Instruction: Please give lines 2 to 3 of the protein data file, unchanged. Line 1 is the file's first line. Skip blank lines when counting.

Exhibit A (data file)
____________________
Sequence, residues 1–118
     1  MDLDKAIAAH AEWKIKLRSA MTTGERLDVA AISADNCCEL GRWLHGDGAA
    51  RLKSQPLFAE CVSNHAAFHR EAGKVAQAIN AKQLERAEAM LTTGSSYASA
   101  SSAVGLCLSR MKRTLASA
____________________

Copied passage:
     1  MDLDKAIAAH AEWKIKLRSA MTTGERLDVA AISADNCCEL GRWLHGDGAA
    51  RLKSQPLFAE CVSNHAAFHR EAGKVAQAIN AKQLERAEAM LTTGSSYASA